But the dirty truth is, just because it's new, doesn't mean it's clean.
Before you slide on those brand-new jean shorts, slip on that sassy summer dress, tie the knot on your new bikini top or climb into those swimsuit bottoms, you may need to start thinking about what may be on your new clothes.
You buy them fresh off the store racks but do you wash them before you wear them?
"For some stuff I will but most of the time, no."
"Can't wait to get them on! Actually, I have on a new shirt that I bought yesterday, so, I didn't wash it."
But should you?
Secret shoppers bought new summer clothes at three major retailers, a department store, a big box chain and a discount store. Then took the clothing to a college lab for some testing.
"Well that way you have a lot of coverage on the swabs so we won't miss bacteria."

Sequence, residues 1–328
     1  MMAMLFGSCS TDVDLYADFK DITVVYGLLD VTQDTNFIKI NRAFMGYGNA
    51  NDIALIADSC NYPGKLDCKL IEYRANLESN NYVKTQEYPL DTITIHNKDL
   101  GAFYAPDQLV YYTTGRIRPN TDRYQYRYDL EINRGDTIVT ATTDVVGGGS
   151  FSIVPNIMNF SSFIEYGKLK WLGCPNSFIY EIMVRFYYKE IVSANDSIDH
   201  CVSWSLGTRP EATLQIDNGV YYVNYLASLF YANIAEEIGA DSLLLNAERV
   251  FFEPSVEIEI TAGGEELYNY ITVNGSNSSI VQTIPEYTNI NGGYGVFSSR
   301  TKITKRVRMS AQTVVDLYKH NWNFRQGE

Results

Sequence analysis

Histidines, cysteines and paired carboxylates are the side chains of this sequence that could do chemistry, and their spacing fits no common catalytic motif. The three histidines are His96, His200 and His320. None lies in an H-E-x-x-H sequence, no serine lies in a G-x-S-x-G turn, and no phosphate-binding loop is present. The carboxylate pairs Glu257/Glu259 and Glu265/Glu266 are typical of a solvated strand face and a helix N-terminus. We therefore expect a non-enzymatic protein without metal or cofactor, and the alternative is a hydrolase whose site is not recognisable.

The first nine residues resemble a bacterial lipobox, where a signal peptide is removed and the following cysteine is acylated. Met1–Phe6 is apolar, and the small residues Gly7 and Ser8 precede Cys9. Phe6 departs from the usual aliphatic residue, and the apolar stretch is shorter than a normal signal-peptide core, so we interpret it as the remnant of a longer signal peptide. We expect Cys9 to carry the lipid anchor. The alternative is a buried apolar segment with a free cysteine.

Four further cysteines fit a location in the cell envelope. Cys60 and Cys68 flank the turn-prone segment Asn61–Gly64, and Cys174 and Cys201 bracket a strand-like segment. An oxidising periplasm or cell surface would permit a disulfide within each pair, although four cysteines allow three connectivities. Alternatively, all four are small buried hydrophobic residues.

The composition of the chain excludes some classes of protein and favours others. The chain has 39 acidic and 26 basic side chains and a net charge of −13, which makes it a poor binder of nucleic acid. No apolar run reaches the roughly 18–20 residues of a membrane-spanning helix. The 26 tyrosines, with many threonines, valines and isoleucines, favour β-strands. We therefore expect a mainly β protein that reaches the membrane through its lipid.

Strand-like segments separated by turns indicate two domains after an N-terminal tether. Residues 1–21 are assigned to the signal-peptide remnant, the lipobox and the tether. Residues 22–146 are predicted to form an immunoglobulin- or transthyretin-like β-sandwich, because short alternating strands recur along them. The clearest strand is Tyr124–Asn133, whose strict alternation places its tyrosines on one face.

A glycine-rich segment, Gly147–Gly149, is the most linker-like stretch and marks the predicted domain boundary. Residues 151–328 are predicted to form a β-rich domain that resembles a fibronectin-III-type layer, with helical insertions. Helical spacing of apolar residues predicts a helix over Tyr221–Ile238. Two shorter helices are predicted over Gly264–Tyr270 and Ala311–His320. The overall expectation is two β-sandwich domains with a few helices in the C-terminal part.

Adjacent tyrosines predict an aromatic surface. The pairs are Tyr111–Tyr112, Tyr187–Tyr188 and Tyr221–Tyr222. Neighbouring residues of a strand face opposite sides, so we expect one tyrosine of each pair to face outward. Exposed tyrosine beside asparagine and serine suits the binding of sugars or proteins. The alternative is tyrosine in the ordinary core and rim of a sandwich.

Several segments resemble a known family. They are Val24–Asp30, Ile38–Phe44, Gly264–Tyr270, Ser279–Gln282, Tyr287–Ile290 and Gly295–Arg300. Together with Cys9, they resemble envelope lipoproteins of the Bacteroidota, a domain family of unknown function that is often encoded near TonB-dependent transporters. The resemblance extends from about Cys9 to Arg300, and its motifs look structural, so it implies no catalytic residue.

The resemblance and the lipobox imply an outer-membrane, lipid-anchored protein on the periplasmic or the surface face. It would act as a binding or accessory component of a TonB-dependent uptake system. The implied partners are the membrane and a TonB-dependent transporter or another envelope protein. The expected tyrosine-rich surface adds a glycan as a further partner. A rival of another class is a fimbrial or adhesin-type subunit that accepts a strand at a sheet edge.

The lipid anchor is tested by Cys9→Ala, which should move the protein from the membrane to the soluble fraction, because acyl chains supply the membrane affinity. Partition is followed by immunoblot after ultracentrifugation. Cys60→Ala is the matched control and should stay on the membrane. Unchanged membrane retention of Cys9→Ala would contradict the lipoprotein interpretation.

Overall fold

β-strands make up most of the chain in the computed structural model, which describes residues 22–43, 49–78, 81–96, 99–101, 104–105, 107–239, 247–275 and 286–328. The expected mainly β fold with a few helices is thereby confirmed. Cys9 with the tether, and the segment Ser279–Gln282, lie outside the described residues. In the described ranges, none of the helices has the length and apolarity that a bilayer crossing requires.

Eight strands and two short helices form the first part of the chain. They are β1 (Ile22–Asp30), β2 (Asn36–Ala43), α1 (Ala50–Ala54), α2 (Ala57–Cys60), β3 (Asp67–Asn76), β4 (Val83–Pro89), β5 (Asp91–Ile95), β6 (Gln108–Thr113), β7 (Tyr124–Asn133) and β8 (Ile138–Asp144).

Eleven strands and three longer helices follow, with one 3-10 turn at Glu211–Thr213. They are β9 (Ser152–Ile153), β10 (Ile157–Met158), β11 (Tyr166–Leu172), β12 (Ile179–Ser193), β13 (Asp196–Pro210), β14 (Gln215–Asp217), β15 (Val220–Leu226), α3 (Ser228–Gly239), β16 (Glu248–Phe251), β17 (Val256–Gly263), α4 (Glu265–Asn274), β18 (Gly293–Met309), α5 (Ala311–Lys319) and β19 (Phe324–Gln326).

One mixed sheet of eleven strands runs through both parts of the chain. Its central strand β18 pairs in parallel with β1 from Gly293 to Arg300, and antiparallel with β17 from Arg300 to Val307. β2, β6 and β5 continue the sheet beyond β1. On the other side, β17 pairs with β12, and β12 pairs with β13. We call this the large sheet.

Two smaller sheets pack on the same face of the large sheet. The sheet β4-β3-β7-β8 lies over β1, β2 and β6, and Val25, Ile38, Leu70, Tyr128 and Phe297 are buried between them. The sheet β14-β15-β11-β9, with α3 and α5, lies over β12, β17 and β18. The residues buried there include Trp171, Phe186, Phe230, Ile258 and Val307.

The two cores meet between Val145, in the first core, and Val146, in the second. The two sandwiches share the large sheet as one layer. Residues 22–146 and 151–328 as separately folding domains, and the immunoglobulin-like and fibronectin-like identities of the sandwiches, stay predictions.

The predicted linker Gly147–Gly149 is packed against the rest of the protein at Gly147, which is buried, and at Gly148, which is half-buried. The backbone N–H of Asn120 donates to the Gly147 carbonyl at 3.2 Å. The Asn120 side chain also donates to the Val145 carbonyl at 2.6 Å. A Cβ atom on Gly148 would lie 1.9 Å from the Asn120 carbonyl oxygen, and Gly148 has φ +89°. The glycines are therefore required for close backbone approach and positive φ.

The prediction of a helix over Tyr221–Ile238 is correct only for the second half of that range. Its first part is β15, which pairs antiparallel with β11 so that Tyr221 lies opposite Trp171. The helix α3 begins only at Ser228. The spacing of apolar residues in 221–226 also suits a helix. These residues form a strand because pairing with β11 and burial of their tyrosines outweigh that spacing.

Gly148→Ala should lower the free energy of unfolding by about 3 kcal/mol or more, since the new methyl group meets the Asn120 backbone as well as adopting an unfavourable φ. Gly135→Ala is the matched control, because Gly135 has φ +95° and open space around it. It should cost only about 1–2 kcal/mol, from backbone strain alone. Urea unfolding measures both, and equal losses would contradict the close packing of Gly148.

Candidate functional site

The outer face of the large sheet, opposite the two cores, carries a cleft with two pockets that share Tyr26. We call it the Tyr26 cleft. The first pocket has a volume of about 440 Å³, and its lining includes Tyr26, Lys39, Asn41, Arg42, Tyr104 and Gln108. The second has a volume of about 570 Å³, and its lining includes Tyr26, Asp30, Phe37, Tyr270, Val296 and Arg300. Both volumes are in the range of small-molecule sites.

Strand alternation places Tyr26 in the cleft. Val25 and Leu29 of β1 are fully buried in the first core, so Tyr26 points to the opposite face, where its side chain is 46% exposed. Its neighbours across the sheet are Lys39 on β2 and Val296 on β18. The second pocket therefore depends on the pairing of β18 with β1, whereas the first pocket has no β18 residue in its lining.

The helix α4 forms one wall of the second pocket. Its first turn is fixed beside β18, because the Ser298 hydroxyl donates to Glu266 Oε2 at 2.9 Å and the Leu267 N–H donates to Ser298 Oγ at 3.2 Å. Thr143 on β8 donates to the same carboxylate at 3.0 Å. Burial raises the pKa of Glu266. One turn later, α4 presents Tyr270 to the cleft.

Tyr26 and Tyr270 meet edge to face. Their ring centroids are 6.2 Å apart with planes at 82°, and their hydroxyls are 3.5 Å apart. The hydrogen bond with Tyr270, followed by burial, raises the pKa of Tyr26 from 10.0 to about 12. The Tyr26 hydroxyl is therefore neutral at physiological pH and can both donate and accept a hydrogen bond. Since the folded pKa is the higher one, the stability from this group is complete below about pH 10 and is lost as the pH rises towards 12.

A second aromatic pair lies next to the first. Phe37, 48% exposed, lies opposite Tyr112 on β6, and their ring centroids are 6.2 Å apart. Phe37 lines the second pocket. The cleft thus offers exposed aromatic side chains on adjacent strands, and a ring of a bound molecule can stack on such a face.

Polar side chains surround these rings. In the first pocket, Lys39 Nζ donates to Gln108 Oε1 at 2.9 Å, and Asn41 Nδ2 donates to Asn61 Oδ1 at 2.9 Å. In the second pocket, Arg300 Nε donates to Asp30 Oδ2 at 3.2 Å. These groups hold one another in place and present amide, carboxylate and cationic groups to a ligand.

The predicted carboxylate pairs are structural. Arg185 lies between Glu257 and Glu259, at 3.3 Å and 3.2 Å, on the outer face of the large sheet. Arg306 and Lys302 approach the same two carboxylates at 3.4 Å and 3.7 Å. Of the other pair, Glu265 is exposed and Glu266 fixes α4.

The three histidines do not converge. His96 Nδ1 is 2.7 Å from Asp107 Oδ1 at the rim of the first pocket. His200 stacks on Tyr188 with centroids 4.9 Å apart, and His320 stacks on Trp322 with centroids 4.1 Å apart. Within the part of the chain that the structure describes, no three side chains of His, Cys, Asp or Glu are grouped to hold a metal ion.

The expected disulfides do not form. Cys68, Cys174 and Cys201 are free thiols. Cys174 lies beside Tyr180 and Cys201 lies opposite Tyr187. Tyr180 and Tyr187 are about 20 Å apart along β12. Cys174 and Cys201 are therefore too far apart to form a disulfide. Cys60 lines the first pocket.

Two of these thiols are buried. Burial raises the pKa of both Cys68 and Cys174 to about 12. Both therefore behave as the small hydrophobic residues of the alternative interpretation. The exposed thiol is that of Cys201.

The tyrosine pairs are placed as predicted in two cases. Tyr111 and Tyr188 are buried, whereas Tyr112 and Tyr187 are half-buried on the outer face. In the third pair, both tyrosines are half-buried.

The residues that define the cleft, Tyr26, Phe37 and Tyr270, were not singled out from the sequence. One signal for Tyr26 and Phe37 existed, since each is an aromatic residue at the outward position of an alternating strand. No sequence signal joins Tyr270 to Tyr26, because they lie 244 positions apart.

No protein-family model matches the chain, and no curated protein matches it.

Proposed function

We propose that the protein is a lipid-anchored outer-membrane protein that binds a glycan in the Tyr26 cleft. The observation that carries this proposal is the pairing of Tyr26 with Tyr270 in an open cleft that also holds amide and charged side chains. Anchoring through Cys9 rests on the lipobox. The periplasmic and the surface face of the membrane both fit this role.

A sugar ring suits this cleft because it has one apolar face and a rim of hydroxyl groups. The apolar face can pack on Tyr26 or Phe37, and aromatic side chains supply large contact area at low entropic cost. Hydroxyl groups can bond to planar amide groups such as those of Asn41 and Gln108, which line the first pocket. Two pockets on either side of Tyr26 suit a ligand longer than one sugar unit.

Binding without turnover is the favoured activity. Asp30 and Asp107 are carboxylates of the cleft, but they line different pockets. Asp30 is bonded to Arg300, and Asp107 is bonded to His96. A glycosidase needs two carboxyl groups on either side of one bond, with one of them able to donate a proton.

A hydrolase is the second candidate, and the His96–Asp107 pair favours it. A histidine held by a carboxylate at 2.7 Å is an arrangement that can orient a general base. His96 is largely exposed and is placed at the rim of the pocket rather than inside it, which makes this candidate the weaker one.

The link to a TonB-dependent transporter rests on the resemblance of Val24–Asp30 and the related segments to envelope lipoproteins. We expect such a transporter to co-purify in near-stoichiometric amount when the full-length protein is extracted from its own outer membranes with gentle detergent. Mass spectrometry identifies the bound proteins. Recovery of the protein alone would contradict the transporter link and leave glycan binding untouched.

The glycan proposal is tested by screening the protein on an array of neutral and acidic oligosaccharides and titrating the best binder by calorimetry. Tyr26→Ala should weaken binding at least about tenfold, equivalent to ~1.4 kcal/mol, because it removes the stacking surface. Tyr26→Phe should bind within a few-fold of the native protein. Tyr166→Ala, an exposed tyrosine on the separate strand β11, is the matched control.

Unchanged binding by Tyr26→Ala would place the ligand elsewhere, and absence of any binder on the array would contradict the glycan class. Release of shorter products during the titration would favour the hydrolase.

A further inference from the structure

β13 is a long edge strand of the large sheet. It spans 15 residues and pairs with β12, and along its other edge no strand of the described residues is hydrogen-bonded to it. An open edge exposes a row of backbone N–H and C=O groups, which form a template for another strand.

For this experiment, biology instructor Carrie Gordon had her class use a technique called T-Streaking for isolation. They gathered samples from the protective lining of the bikini bottoms, the underarm area and neckline of the summer dresses and the groin area of the shorts.
"The most common things that would probably pop up would be anything that's normal flora -- and it could be in a staph or strep group," Gordon said.
Every single dish had bacterial growth, some more than others.
A bursting pattern of black fungus from the department store dress. Along with colonies of brightly colored bacteria.
"The red one is Serratia, the little gold ones very likely are Staph Aureus."
Serratia can lead to urinary tract infections. And Staph Aureus has the potential to cause more serious Staff infections. Both the bacteria were found in the shorts bought at the big box chain.
Aside from the yuck factor, the risk from contracting anything found in this experiment is fairly low.
But the simple common sense advice from experts here: Wash your new clothes before you wear them, just to be safe.